The Return of Peekskill
Peekskill is enjoying an exciting renaissance with the help of some big-name developers and receptive city officials.
Photo by Adam Sommer
The redevelopment of Peekskill is a story we’ve all heard before. But this time, it seems, the tale has serious merit. “For a long time there was development, but it was just a house here, a store there,” says restaurateur John Sharp (Gleason’s, Birdsall House), a resident of Peekskill for more than 15 years. “Now it’s big development.”
Over the last few years, the city has seen a rash of new luxury apartments and restaurants. Sharp, along with partners Louie Lanza, owner of Hudson Hospitality Group — who has developed several properties in Peekskill and is the mind behind The Hudson Room, Taco Dive Bar, Buns-N-Bourbon, and Eagle Saloon — and Scott Vaccaro of Captain Lawrence Brewing Company, recently opened Factoria at Charles Point, a 34,000 sq. ft, events, entertainment, and dining space that contains River Outpost Brewing, Fin & Brew, Spins Hudson, and The Space.
“If we can create these riverside places, tourism will come.”
—Martin Ginsburg, Founder, Ginsburg Development Companies
Westchester County developer Martin Ginsburg’s involvement in Peekskill dates back to the early 1980s. Now, he’s redeveloping the former St. Mary’s Convent site, with the intention of generating tourism. “New York does not have enough destination-type places,” Ginsburg says, adding that he hopes this $64.5 million project will get the ball rolling.
On the convent’s property, Ginsburg is creating Fort Hill Apartments at the Abbey, a triad of luxury apartment buildings that began leasing this summer, and the Abbey Inn, a luxury spa, restaurant, and inn complex. His company is also donating 52 acres to Fort Hill Park, to expand the hiking trails of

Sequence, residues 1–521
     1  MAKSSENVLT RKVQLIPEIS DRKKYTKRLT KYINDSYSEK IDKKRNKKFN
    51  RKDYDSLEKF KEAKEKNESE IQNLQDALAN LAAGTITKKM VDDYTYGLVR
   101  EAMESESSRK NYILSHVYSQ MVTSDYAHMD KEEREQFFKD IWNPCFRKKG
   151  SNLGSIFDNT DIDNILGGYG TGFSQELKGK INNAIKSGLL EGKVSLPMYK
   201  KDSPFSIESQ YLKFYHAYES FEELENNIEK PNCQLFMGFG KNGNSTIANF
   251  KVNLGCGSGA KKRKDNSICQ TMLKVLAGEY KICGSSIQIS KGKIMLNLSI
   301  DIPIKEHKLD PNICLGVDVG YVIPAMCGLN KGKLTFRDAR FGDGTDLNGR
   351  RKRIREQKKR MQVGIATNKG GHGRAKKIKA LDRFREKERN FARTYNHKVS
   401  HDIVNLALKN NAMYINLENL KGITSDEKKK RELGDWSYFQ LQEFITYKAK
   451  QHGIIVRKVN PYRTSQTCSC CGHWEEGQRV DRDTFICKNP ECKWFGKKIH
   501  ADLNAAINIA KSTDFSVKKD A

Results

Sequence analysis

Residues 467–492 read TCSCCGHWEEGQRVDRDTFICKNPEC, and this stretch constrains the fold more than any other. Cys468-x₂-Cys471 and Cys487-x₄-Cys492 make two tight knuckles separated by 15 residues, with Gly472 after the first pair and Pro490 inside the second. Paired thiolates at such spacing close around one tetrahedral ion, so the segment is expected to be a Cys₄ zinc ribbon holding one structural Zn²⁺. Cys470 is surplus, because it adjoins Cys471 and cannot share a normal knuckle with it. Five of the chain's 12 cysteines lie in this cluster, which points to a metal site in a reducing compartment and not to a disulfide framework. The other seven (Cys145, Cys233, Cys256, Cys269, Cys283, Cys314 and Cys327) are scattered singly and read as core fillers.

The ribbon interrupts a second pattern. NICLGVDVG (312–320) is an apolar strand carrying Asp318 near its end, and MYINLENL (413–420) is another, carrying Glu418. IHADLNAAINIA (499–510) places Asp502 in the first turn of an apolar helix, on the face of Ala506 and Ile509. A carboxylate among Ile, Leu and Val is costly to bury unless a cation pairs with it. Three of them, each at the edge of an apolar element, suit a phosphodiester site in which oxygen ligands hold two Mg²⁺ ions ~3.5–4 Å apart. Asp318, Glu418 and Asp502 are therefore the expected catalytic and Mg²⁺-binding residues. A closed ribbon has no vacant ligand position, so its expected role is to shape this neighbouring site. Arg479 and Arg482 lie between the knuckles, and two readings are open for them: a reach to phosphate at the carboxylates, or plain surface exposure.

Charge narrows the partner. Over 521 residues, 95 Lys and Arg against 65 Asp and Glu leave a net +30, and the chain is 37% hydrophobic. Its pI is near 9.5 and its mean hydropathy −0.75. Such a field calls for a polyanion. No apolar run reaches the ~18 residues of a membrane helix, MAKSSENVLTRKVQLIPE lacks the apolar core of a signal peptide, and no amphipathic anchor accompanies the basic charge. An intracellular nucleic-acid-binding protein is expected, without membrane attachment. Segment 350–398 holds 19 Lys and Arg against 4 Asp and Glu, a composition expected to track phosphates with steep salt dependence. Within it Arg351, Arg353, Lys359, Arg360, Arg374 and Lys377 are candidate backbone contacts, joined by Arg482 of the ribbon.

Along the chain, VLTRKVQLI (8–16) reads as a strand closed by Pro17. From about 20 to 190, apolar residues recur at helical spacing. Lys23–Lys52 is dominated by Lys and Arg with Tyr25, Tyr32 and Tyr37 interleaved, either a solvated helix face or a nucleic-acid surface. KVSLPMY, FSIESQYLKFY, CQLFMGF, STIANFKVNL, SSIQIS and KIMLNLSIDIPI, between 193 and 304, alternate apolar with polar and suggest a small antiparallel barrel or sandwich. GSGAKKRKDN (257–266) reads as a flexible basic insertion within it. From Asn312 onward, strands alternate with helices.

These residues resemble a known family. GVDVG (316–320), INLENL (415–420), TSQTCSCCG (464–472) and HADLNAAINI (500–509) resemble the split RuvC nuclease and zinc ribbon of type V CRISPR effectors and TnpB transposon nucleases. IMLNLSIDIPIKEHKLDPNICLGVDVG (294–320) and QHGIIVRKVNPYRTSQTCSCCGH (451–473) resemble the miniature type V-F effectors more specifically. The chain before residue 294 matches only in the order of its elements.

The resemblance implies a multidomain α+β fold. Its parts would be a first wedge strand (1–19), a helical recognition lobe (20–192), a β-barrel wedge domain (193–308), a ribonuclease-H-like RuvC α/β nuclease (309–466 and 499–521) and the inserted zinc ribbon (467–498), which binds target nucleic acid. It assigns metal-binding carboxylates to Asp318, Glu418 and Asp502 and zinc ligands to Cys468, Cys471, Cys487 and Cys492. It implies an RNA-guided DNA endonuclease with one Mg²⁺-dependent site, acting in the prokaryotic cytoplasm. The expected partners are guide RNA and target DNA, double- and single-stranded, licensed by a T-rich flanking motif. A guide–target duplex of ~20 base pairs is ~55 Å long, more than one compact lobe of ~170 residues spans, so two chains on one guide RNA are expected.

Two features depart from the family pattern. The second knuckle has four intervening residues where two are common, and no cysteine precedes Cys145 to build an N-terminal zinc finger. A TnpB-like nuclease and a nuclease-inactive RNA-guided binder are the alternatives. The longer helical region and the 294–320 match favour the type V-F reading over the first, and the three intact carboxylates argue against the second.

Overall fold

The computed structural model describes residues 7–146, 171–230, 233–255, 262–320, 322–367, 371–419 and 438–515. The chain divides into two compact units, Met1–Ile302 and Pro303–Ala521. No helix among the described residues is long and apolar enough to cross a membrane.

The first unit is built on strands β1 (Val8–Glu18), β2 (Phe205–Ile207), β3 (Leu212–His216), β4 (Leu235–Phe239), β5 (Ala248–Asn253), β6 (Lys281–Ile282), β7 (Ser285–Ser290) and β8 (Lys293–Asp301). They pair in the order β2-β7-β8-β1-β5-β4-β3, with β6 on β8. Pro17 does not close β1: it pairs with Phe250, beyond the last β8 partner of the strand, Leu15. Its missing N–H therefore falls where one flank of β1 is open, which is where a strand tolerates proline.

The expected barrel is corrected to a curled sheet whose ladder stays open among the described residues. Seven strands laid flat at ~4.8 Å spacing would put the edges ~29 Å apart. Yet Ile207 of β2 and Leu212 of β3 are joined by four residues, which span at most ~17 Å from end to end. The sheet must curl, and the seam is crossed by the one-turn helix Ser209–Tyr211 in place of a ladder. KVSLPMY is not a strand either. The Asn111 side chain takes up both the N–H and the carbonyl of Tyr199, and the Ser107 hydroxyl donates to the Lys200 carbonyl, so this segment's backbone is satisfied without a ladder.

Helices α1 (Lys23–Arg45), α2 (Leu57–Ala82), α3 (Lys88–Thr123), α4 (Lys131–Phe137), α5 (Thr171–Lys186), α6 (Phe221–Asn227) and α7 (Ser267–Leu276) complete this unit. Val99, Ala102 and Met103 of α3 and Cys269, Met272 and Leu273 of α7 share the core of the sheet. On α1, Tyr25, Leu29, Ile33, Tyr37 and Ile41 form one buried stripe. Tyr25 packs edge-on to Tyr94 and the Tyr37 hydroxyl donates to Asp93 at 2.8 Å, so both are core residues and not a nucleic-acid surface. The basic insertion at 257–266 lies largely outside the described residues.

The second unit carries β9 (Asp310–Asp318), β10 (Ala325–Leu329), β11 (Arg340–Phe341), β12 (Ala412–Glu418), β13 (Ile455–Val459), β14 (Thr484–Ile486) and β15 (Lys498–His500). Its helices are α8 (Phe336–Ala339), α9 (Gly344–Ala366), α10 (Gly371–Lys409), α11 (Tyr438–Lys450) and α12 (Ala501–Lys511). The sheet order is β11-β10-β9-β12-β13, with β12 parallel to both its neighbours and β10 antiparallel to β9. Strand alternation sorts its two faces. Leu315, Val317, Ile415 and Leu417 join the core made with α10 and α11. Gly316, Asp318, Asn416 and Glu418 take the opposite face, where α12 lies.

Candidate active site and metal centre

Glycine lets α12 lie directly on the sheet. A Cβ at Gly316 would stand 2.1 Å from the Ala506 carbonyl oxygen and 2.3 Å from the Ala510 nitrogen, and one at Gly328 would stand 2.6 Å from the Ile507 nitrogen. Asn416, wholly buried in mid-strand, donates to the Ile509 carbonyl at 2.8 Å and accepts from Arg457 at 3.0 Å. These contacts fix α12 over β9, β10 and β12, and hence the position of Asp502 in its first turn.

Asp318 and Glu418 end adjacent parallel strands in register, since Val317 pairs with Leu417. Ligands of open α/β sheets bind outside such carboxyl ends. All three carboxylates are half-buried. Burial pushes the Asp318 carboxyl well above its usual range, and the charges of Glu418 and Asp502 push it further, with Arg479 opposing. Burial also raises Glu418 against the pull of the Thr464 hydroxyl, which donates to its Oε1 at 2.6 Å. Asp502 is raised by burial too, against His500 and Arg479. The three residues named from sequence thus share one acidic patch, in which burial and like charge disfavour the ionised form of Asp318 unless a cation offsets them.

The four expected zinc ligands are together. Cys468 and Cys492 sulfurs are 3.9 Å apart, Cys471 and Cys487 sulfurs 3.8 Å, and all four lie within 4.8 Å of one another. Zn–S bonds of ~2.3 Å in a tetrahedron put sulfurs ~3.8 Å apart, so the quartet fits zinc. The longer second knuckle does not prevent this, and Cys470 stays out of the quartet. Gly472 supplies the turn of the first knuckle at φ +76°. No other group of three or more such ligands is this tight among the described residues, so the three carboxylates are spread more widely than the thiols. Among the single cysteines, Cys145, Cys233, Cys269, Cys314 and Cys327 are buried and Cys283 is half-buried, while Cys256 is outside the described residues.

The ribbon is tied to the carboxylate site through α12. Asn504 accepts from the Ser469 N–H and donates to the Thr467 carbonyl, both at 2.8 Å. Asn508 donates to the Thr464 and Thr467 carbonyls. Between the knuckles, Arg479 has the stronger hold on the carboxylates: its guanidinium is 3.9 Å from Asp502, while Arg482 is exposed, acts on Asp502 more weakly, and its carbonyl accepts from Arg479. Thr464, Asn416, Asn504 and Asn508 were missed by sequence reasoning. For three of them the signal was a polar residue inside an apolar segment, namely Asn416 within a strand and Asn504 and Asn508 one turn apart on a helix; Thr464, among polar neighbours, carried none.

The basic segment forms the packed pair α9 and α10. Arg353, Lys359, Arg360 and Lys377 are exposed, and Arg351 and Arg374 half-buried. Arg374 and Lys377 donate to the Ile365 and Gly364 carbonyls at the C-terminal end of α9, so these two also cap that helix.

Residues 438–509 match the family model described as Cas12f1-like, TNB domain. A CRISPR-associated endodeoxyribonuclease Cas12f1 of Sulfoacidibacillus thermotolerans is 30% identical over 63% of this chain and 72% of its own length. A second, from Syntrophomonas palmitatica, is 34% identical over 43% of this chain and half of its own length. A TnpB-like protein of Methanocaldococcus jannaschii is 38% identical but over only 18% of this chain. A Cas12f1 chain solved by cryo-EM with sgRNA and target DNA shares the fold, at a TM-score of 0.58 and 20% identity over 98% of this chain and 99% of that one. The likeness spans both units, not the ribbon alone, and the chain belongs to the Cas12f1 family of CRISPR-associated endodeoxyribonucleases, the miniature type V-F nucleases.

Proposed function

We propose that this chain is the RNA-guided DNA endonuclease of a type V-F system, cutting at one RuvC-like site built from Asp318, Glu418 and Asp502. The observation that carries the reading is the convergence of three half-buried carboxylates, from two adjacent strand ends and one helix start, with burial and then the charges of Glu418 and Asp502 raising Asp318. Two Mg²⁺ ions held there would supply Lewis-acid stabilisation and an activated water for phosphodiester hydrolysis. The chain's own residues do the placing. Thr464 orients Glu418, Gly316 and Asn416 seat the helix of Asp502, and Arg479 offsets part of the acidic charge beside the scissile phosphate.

“If we can create these riverside places,” says Ginsburg, “tourism will come — potentially that is a multi-billion-dollar industry.”
Downtown, Ginsburg created Gateway Townhomes, which opened for sale in June. Located on Main Street, 14 of the triplex townhouses will be offered at market price and the remaining two as affordable workforce housing.
Factoria at Charles Point boasts 34K square feet of events, entertainment, and dining fun.
Peekskill is also becoming a burgeoning media-art hub. Former 3D printing entrepreneur Bre Pettis is bringing Bantam Tools, whose Desktop Milling Machine creates small machinery parts for engineers and artists to implement into products, to Peekskill from Berkeley, CA. The lower rent and empty buildings provide space for manufacturing and housing for employees. Plus, Peekskill’s Artist District offers affordable lofts for live/work spaces.
“There’s an incredible downtown, and incredible infrastructure in Peekskill,” adds Effie Phillips-Staley, executive director of Hudson Valley Center for Contemporary Art in Peekskill, which was founded 15 years ago by Marc and Livia Straus. “With the new climate, we’re beginning to plan for the next 15 years.”
And Peekskill’s dynamic new mayor, 34-year-old Andre K. Rainey, is excited by his city’s potential: “Peekskill has been ‘on the rise’ for years now. Many could see the potential of Peekskill. It wasn’t ready then; however, now it is.”